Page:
Fine art

Solid, yet impermanent

The artists of Dixon’s ‘STEEL’ represent a vivid frontier aesthetic

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Steel is everywhere. Images of men coaxing shape and utilitarian form out of steel have been symbols of industry, progress, empire and war. In this century, the era of steel goods is being replaced with waves of intangible data while our plowshares of the past rot in the field.

In Dixon, a 12-artist show is exploring that dichotomy. “STEEL” is showing at Studio 207 and will be on view Saturday (April 15) and April 22 from noon to 4 p.m. The show was also on view last weekend.

Lynn E. Alden, the curator of the show, said, “Even though the weather was kind of crappy, we got a good number of people here for the first weekend.” She explained that the show hadn’t really been promoted in Taos, other than people being notified during an annual studio tour.

“I would say I knew about 75 percent of the people who were here. That reflects what we’ve been seeing with about three-quarters of the folks coming through are locals and the rest are traveling between Taos and Santa Fe,” she said.

“There were a lot of reasons to do this show, including the fact that [it’s] not at the time of the annual studio tour. You’re not confused. We don’t have that many public venues here. If we want to be shown, we have to show it ourselves. That’s how all this started. We want people to see our work, but we don’t want to leave the house,” she said, only half joking.

Confirming rumors of what has been said about people in Dixon, Alden explained, “Here in Dixon, people like to get together because they like to party,” she said, saying that having a show like this makes it possible to have a reason to congregate. “This is the most social town of hermits I have ever met.”

But aside from being an excuse to throw a party, the idea for the show had an intellectual purpose.

“Steel, crafted in an alchemical process, an essential component of Empire, towers of strength and sharpness of blade. The rusting forms in our yards returning to Earth. ​Impermanent. This paradox intrigues me,” she wrote on the exhibit’s website.

The artists who are participating in the show are Bob Brenden, Willa Brenden, Faith Gelvin, Sheena Cameron, Violet Hill, Ron Monsour, Judy Pearson, David Rigsby, Jeanne Treadway, Clay Walker, Pete West and Alden.

Bob Brenden moved to Dixon in 1977. He was an original member of the Dixon Studio Tour when it began in 1982. He has worked as a silversmith, potter, stone carver and sculptor, as well as a restorer of old adobe houses.

Gelvin is a multimedia artist and educator. Her sculpture reflects a strong connection to her New Mexican roots with influences from European, Hispanic and Native American cultures. She works particularly in ceramic, metal and wood media.

Cameron moved to Dixon in 1981 from Boston, Massachusetts. She received a bachelor’s degree in ceramic sculpture from Massachusetts College of Art. She was also a participant in the first Dixon Studio Tour 35 years ago. A jeweler in the early years of the tour, Cameron is now is a clay artist working primarily in raku.

Her “Messenger Horses” are symbolic ceramic and mixed media pieces that open to reveal aspects of inner life. Cameron also makes figurative clay sculptures and wall pieces. She shows in her studio/gallery, which is open year-round in Rinconada. She is also represented by Copper Moon Gallery in Taos.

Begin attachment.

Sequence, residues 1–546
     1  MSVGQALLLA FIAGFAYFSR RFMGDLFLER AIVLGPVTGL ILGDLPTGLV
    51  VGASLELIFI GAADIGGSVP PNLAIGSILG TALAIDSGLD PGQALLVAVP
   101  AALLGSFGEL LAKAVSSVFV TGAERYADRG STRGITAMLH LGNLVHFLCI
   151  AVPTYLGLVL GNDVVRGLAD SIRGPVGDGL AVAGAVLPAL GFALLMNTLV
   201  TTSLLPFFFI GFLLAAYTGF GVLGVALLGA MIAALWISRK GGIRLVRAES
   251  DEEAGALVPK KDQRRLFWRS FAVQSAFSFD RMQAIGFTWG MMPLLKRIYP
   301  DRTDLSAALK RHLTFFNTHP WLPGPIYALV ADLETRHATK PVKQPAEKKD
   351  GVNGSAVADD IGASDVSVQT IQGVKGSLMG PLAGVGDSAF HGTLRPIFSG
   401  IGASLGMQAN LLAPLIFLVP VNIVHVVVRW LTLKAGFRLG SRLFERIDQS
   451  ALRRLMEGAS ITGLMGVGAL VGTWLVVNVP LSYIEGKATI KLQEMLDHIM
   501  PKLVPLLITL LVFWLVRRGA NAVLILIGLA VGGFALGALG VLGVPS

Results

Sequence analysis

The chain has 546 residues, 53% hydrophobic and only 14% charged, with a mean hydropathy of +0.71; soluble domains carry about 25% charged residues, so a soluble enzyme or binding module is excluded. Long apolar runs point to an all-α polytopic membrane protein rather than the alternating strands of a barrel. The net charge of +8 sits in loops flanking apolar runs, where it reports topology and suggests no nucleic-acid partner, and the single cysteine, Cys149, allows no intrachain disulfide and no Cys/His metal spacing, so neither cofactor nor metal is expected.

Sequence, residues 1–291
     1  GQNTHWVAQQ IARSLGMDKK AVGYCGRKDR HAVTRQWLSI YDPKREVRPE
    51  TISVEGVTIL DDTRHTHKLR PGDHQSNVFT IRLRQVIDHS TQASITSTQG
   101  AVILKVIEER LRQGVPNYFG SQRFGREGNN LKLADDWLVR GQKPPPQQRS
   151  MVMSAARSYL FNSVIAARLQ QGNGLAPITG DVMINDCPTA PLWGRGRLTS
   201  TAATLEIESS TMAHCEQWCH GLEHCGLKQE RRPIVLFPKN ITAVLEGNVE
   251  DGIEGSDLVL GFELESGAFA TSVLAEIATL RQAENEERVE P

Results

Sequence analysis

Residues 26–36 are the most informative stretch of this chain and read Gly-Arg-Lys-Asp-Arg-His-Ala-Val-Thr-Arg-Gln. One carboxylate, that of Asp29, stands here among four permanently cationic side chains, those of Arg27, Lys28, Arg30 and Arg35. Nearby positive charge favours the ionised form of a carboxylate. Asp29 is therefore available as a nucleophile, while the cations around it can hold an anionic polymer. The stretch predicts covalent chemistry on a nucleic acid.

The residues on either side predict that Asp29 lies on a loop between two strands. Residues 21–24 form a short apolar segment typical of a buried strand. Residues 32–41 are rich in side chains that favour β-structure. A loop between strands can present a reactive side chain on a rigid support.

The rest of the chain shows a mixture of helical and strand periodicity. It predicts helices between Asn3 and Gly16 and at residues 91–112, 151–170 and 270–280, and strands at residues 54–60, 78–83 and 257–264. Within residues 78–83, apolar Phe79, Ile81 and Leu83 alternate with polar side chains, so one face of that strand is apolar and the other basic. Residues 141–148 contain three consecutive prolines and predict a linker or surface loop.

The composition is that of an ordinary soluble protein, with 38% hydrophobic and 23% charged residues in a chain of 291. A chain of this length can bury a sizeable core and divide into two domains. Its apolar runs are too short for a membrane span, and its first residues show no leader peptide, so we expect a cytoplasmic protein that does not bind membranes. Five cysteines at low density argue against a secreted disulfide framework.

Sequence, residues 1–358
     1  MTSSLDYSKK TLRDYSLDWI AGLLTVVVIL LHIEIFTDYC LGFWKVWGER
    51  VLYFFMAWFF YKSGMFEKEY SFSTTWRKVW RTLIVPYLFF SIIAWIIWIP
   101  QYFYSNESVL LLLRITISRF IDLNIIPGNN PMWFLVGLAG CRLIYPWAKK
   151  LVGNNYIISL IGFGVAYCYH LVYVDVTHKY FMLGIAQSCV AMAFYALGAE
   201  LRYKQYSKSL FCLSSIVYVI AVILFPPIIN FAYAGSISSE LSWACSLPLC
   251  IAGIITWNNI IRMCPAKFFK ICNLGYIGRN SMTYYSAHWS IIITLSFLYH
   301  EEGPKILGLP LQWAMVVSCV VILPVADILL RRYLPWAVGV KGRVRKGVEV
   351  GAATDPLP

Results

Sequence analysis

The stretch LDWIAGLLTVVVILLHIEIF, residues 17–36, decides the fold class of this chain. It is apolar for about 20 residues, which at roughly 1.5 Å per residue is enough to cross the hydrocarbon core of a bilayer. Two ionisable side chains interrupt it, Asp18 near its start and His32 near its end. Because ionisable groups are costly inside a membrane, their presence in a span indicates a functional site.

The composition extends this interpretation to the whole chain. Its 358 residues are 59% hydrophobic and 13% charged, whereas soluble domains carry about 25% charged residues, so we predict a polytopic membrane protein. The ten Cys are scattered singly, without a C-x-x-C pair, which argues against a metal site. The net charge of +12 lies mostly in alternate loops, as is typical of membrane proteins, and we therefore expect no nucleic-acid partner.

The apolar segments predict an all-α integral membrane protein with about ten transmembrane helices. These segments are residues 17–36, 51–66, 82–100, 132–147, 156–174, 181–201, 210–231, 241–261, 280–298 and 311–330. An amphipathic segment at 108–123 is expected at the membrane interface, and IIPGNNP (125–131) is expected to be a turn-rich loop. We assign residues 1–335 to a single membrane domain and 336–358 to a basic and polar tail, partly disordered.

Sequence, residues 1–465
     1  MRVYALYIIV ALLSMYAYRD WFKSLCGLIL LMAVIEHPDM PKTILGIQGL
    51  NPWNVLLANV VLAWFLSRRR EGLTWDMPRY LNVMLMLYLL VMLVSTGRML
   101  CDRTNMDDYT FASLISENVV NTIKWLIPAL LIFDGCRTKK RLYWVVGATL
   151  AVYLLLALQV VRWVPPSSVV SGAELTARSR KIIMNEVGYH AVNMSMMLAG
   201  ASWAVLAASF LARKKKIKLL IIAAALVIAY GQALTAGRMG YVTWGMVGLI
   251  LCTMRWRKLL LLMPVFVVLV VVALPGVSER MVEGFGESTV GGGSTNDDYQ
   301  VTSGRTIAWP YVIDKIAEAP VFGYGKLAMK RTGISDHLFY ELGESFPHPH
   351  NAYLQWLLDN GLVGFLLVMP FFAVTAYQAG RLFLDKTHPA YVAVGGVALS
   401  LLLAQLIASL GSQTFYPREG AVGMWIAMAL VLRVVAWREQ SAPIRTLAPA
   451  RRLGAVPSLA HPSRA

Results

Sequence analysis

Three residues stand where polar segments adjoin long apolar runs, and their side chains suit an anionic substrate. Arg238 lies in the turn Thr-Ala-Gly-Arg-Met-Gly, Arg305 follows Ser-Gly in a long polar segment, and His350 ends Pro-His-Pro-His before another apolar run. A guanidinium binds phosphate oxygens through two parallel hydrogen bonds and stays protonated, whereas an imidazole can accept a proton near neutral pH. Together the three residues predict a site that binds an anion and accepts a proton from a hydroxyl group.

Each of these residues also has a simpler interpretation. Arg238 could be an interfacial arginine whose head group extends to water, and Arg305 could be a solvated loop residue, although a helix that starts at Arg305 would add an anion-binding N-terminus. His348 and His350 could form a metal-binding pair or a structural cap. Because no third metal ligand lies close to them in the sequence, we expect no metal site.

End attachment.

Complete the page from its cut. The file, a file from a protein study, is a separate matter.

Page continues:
Hill said she began working in her father’s studio as soon as she could pick up a pencil or paintbrush and has been painting ever since. She graduated from University of New Mexico’s School of Architecture. Architectural detailing, painting and building have been her main life occupations.

“I was delighted to be asked to think about steel and imagine works for this show. Steel is not only created by all of the elements – earth, water, air and fire – working together, but is also a product of advanced technology and requires a great deal of energy to produce,” she said.

Monsour said he is in love with nature and his subjects, giving him a special eye. Beauty in everyday objects is made accessible to us through his photography. His use of angles, natural light, contrast and setting set his art apart from the rest. He calls art without Photoshop effects “organic art.”

Pearson studied ceramic arts at Rhode Island College. She is a ceramicist and founder of Happy Rat Studio.

“Steel pushed me to work in glass for the first time, though I’d been threatening to give it a try for years,” she said.

Rigsby said he ended up in Embudo 50 years ago because of mechanical failure in 1967 and hasn’t looked back.

Alden, the curator of the show, has a master’s degree in art from Antioch and wears many hats in the community. She is an artist, sculptor, theater designer, builder, fine woodworker and cabinetmaker, gardener, farmer and more. A longtime resident of Dixon, Alden’s public work is visible on the front of Dixon Cooperative Market. She has designed and produced theater and museum settings in St. Louis, Missouri; Seattle, Washington; Santa Fe; Dixon; as well as other venues.

Studio 207 is a collaboration between Alden, Rigsby and the Dixon Community Players. At any moment, you might find the floor covered in stage drops waiting to be painted or one or two figurative sculptures in process, along with other projects destined for shows and productions throughout Northern New Mexico.

Dixon is located 26 miles south of Taos via State Road 68 and State Road 75. For more information, call (575) 224-9884. On Facebook, search for “STEEL” or check out steel207.com.

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